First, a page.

• National Training Directors' Council (NTDC)

(from AUCD site:

Cultural awareness
The National Center for Cultural Competence defines “cultural awareness” as being cognizant, observant, and conscious of similarities and differences among and between cultural groups (Goode, 2001, revised 2006). According to Winkelman (2005), awareness of cultural differences and their impact on behavior is the beginning of intercultural effectiveness. He states that “cultural self-awareness includes recognition of one’s own cultural influences upon values, beliefs, and judgments, as well as the influences derived from the professional’s work culture” (p. 9). (Gilbert, Goode, and Dunne, nd)

Cultural brokering
Cultural brokering has been defined as " the act of bridging, linking or mediating between groups or persons of different cultural backgrounds for the purpose of reducing conflict or producing change." (Jezewski, 1990).

Cultural competence
Cultural competence requires that organizations:

  • have a congruent, defined set of values and principles, and demonstrate behaviors, attitudes, policies, and structures that enable them to work effectively cross-culturally;
  • have the capacity to (1) value diversity, (2) conduct self-assessment, (3) manage the dynamics of difference, (4) acquire and institutionalize cultural knowledge, and (5) adapt to the diversity and cultural contexts of communities they serve; and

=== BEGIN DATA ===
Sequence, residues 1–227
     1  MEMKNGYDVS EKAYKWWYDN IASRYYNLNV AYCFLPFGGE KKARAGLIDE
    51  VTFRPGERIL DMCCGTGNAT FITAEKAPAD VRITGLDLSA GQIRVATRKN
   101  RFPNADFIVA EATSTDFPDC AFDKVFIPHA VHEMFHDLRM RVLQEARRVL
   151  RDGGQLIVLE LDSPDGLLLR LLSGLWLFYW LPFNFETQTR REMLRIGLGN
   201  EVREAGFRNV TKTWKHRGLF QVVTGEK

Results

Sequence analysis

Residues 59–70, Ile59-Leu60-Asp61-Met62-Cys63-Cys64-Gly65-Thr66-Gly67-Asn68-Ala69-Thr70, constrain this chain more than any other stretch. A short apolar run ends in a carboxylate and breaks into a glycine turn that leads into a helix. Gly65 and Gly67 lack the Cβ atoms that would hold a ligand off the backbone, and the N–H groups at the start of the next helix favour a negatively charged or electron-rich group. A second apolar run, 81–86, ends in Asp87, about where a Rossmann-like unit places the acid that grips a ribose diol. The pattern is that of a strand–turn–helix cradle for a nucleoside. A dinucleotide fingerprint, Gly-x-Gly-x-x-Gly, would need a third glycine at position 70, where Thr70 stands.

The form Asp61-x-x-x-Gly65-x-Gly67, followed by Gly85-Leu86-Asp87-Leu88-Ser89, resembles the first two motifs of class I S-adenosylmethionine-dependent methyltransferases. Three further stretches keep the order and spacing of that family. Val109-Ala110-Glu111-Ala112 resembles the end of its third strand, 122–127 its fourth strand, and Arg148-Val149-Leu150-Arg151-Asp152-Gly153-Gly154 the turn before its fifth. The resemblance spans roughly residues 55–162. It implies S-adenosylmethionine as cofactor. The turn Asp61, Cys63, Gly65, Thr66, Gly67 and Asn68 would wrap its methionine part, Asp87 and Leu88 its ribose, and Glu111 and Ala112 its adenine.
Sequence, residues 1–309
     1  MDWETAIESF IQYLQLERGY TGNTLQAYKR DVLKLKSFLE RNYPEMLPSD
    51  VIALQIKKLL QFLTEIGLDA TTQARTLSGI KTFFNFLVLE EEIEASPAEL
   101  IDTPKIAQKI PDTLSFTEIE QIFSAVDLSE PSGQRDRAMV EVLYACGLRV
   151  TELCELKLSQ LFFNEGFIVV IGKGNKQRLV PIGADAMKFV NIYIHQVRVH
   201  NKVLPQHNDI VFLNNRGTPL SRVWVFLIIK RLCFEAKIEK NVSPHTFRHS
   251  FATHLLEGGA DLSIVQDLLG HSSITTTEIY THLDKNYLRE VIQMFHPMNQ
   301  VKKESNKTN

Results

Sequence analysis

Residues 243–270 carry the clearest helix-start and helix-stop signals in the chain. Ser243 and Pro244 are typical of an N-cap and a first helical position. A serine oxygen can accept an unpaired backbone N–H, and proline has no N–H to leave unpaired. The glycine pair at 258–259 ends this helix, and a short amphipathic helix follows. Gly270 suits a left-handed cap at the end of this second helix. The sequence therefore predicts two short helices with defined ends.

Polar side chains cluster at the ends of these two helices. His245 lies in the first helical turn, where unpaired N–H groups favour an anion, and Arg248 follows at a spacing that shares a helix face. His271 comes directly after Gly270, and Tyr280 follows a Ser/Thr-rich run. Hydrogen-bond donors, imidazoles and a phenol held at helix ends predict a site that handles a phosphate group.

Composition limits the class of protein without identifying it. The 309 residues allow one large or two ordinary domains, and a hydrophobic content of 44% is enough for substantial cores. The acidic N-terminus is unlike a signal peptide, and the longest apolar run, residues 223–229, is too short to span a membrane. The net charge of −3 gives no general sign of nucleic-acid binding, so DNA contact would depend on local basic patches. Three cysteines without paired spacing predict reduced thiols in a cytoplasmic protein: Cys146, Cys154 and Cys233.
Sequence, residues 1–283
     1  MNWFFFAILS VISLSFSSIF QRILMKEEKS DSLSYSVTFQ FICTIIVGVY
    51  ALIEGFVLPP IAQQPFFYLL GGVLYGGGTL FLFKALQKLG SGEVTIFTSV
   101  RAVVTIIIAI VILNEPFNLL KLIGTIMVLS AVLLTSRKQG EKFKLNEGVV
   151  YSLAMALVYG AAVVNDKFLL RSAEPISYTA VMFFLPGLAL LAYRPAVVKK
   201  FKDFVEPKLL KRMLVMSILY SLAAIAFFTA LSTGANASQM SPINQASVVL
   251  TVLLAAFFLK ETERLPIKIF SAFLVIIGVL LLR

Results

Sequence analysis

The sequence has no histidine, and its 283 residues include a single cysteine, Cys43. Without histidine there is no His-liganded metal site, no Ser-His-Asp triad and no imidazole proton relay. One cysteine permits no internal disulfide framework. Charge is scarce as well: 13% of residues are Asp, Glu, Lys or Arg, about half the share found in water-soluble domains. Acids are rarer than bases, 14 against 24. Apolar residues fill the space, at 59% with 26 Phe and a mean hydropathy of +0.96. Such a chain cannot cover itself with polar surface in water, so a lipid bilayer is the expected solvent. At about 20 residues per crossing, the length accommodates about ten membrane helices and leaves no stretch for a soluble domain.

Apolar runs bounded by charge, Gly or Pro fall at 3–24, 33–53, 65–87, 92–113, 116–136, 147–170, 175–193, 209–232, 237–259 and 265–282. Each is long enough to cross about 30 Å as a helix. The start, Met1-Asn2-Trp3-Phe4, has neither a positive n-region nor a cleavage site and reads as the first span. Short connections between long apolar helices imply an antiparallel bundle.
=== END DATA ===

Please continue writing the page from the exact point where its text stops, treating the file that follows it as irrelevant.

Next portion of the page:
• incorporate the above into all aspects of policymaking, administration, practice, and service delivery and systematically involve consumers, key stakeholders, and communities.

Cultural competence is a developmental process that evolves over an extended period of time. Individuals, organizations, and systems are at various levels of awareness, knowledge, and skills along the cultural competence continuum. (Bronheim and Goode, 2013).

Cultural humility
Tervalon and Murray-Garcia coined this term in a 1998 article, in which they conclude “Cultural humility incorporates a lifelong commitment to self-evaluation and critique, to redressing the power imbalances in the physician-patient dynamic and to developing mutually beneficial and non-paternalistic partnerships with communities on behalf of individuals and defined populations” (p. 123).

AUCD received input from many in AUCD’s network and other stakeholders to define “diversity”, recognizing that this is difficult to define and that definitions are limiting. Thus, this definition is fluid and may change over time. Diversity is defined as the visible and invisible qualities and values that shape a person, including this non-exhaustive list of attributes:

  • Ability/Disability
  • Gender identity
  • Political affiliation
  • Age
  • Geographic area
  • Race
  • Culture
  • Health
  • Religion
  • Economics
  • Immigration status
  • Sexual identity
  • Education
  • Indigeneity
  • Sexual orientation
  • Ethnicity
  • Language
  • Spirituality
  • Experiences
  • Mental health
  • Values
  • Family structure